I see two options
- Windows Task Scheduler with a repeating task that executes your application
- Windows Service that polls the date at [some_time] every day.
In the first option, you won't need a timer as windows is managing the clock polling for you. In the second option, a timer is appropriate. Working out how long to make it is up to you!
Edit - some insanely trivial code examples
Option 1. call into the windows task scheduler executable and set up your task using command line ->
Schedule task in Windows Task Scheduler C#
schtasks /CREATE /? at a command prompt to get you started!
static TimeSpan m_TimeToTarget = default(TimeSpan);
static void Main(string args)
//maybe you can load this from file or take it from the commandline as commented below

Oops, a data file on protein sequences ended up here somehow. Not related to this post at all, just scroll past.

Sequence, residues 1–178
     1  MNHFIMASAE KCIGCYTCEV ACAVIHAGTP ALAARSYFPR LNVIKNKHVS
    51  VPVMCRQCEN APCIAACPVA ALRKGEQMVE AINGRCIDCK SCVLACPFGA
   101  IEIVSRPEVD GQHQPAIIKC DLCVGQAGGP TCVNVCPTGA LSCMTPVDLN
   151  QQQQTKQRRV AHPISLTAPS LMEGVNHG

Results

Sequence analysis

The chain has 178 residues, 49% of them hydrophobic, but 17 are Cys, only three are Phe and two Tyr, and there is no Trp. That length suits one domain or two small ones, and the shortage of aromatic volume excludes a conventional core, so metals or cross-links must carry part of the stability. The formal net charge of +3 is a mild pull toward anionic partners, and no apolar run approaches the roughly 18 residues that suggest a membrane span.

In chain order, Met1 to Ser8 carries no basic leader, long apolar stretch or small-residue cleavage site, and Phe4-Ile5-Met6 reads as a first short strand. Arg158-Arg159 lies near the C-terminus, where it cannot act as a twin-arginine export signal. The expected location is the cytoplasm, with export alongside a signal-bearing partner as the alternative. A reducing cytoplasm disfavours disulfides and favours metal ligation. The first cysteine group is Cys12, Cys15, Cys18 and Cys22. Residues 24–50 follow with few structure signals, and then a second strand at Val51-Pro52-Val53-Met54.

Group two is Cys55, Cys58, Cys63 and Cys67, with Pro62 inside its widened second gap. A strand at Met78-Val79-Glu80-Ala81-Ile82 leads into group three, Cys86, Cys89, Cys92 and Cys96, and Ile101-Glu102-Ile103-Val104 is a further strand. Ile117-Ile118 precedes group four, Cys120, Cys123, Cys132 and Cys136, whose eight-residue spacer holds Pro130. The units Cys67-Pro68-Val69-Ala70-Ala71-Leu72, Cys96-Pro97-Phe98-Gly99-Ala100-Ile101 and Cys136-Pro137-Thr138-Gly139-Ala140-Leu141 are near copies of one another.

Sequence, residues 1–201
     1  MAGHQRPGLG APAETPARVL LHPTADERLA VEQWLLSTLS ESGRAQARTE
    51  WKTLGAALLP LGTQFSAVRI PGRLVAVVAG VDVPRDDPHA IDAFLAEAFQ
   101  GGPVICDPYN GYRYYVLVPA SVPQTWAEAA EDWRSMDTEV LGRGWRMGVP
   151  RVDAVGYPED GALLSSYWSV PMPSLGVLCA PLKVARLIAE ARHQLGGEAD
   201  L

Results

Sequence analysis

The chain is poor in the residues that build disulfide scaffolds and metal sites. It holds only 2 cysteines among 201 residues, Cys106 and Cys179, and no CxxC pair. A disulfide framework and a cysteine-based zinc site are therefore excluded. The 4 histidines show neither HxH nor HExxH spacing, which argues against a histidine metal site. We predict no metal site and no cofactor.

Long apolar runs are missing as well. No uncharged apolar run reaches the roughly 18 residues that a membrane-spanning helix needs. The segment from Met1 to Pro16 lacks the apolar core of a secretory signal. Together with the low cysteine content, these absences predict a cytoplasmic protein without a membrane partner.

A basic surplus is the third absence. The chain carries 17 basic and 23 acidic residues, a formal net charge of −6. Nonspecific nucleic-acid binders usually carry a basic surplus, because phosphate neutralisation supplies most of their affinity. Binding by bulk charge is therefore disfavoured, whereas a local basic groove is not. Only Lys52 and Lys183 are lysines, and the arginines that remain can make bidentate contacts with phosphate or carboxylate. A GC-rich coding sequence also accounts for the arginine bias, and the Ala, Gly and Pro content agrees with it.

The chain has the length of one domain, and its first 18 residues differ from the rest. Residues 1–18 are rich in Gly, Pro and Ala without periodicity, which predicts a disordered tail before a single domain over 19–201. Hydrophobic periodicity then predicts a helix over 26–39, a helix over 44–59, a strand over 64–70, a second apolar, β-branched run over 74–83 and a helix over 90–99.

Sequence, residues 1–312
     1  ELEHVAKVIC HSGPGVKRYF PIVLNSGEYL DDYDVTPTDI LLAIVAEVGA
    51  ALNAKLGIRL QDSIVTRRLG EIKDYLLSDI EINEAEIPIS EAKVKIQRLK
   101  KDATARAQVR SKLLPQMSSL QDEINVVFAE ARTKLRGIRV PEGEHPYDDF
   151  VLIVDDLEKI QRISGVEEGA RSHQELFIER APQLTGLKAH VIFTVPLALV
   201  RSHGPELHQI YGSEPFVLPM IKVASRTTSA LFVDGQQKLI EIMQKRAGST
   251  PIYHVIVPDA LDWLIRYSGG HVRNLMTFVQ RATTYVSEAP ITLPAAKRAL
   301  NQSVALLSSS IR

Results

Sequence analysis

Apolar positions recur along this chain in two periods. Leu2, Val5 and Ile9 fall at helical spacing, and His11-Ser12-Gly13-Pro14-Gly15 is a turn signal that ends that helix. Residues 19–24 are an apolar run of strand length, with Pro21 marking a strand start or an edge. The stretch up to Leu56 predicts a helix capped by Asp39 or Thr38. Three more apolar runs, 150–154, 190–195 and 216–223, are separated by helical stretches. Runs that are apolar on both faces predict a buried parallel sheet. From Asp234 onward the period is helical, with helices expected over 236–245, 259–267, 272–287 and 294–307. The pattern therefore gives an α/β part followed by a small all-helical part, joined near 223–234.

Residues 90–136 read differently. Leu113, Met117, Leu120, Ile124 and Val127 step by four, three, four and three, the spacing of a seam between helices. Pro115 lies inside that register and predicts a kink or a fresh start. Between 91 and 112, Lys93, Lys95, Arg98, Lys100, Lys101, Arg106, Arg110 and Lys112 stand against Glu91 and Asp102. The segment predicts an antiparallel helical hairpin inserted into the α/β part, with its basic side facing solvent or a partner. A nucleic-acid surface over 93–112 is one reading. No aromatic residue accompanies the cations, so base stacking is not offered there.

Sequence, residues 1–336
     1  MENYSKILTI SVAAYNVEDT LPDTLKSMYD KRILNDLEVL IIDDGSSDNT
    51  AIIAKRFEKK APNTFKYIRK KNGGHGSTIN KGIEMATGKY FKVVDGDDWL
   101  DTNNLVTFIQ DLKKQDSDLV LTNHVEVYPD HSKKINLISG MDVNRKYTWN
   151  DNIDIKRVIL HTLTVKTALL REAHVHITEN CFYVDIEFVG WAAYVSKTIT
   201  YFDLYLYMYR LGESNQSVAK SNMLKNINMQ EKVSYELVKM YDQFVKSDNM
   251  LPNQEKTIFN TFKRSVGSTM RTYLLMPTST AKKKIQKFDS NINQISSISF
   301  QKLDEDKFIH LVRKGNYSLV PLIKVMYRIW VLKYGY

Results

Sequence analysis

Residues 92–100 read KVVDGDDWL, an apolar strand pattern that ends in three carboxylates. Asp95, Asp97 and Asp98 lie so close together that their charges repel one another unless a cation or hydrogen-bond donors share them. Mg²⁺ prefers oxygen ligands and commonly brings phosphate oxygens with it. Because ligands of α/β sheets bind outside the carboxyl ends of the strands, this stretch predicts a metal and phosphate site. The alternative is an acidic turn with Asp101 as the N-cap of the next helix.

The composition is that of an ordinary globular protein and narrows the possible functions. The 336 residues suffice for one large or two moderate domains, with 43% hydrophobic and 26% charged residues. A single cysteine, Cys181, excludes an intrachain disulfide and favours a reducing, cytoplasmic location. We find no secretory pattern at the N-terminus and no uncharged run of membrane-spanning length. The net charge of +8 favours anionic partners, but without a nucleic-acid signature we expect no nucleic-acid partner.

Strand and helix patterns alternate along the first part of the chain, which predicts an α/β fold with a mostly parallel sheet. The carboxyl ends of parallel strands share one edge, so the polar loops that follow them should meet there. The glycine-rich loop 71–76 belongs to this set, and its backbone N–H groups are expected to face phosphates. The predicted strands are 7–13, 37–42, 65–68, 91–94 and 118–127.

//string cmd = Environment.GetCommandLineArgs();
DateTime now = DateTime.Now;
DateTime target = new DateTime(now.Year, 11, 15); //November 15th. Use todays year.
//we want to set a timer for the next occurance of Nov 15th.
if (DateTime.Now > target)
//increment the year because today is after Nov 15th but before new year.
target = new DateTime(now.Year, 11, 15).AddYears(1);
m_TimeToTarget = target.Subtract(now);
//kick off a timer to wait for the event
Console.ReadLine(); //console needs to continue running to keep the process alive as timer runs in background thread
private static void SetTimer(TimeSpan timeToTarget)
System.Threading.Timer t = new System.Threading.Timer(DoWork, null, Convert.ToInt32(timeToTarget.TotalMilliseconds),
System.Threading.Timeout.Infinite); //dont repeat, we want the time to end when it start our work
private static void DoWork(object state)
//Do you work here!
//restart the time